Hot Air

A Suzumiya Haruhi no Yuuutsu fanfiction

by Brian Randall

Disclaimer: The light novel series started with the novel 'Suzumiya Haruhi no Yuuutsu'/'The Melancholy of Suzumiya Haruhi' is the creation of Tanigawa Nagaru. A poem here is quoted entire, and disclaimed appropriately in narrative; no disrespect is intended with the creation of this work: I'm merely a peasant with an easel and some borrowed paints.

Note: Aiming for WAFF, heavily inspired by Owl City (specifically, Galaxies, and Hot Air Balloon; the latter will probably work better for the scene overall, though the former absolutely conjures images of Haruhi and Kyon's relationship in my mind). Diverges between books eight and nine.

I'm roused from fuzzy memories of something that's slipping away from me even as I wake to find myself staring blearily at a flashing light from somewhere in my room. Shortly after that is the generic ring tone I use for everyone, since I've never bothered setting custom sounds.

It's dark once the flash cuts off, and I fumble for my phone before realizing I had plugged it in at my desk instead of my headboard, as it rings -- incidentally flashing again. The flash lights up my ceiling, and from my position when I raise my head and groggily look toward it, a single LED flashes at me balefully, like a glaring red eye.

My own eyes slowly drift shut, as my head sinks back to the pillow. Shortly after that, the sound cuts off, rolling over into voice-mail, and I start to doze again.

Start to, I say, because before the chirp to notify me of a new message can even sound, the phone starts ringing again.

Groaning, I pry myself from my warm blankets and stagger across the room, shivering at the chill of the early morning air. Grabbing my phone, incidentally pulling it free of the charging cable, I flip it open without checking the caller. One hand goes to the surface of my desk, helping support my still-tired body as I grumble, "Do you have any idea what time it is?"

"Yes I do!" a familiar voice snaps back. "It's ten minutes after I first started trying to call you!"

"What--" I try to start, before being abruptly cut off.

"Specifically, it's a week after the spring equinox -- March twenty eighth, 2011; a Monday. It's six minutes after four AM, because you took even longer to wake up than I expected! Get ready quickly; I'll be at your house in twenty minutes, and you have to drive both of us!"

My hope of going back to properly restful sleep is slowly fading. "Haruhi, it's the spring vacation," I remind her as sternly as I can, given my tiredness. "Wouldn't sleeping be a much better way to spend my time?"

"You don't have time to chat! You're seven minutes behind schedule now -- so shower quickly! My train is going to be on time -- and before you even think of complaining, I got up even earlier than you!"

Then there's a beep as she hangs up. I close the phone, then blink at the notice that I have a single voice-mail and a few dozen missed calls.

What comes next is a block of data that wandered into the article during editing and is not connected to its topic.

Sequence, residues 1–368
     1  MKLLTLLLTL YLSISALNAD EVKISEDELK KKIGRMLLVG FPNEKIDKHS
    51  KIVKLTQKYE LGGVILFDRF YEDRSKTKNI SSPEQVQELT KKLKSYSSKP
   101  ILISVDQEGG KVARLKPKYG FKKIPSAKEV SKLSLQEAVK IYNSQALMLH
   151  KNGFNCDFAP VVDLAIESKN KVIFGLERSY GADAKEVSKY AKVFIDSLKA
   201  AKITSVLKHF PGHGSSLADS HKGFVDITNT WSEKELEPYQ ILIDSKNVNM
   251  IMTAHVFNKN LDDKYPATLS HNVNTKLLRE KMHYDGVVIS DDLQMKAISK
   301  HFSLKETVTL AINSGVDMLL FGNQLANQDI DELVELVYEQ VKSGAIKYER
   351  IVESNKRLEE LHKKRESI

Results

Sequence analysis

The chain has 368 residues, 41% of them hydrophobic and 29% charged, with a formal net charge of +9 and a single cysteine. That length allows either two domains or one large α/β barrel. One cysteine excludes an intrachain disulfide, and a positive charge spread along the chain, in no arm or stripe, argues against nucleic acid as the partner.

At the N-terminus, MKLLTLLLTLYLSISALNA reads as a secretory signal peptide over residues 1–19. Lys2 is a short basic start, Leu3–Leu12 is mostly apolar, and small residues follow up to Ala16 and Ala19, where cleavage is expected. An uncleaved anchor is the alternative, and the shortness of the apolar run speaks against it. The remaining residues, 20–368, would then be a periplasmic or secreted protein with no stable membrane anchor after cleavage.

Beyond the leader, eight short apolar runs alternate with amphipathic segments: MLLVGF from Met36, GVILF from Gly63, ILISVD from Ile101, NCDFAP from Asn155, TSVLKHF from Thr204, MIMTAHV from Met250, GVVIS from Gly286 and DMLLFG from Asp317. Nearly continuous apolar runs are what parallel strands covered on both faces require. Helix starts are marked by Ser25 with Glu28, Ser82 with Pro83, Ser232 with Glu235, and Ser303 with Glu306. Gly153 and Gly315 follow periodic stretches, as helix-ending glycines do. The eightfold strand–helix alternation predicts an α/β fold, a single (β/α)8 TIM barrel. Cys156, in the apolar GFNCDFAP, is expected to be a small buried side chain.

Shaking my head, I set my phone back down, and then crawl back into bed.

Unfortunately, I've been awake too long. My chances of returning to peaceful slumber are truly dashed; mild irritation, and some genuine curiosity compel me. After only a handful of minutes of trying to find the warmth that escaped my bed in the brief time I got out of it, I heave a defeated sigh and trudge to the bathroom to wash up.

Fifteen minutes later, I'm dressed in comfortable, casual clothes -- t-shirt, open button-up long-sleeved shirt, and jeans. Too cold to wear anything lighter, I think, toweling my hair dry as my phone rings again.

I think I really do have to talk to Haruhi about calling this early, though. And, try as I might ... I can't recall a single event that slipped my mind from sleepiness. There's no marks on my calendar, no notes.... No text messages from Koizumi, either.

I flip it open, unsurprised when Haruhi immediately asks, "You're ready, aren't you? I'm at your door -- but I don't want to be inconsiderate and wake your family."

Inconsiderate to my family, huh? "Yeah, yeah," I grumble, "I just got out of the shower -- be there in a minute."

I creep through the silent house, wary of waking my parents and earning their incredulity, or worse, waking my sister and having her demand to play with me. Or join us.

I open the front door, taking in Haruhi standing there, snapping her phone shut with one hand and raising an eyebrow as she inspects me, one hand on her hip. That girl's energy is unreasonable -- in this cold, she's wearing a black skirt and stockings, along with a crimson top -- in my mind, not nearly enough defense against the current weather.

Her single concession to the environment is a scarf that looks both hand-made, and far too long, looped around her neck loosely a trio of times, the ends dangling nearly to her waist. When the real cold of the outside air hits me and she reaches for my hand, I immediately about-face, moving back toward the coat-rack and earning a growl of irritation from her.

She crosses her arms over her chest and taps a foot impatiently while I grab my coat. "You're going to overheat on your bike," she chides.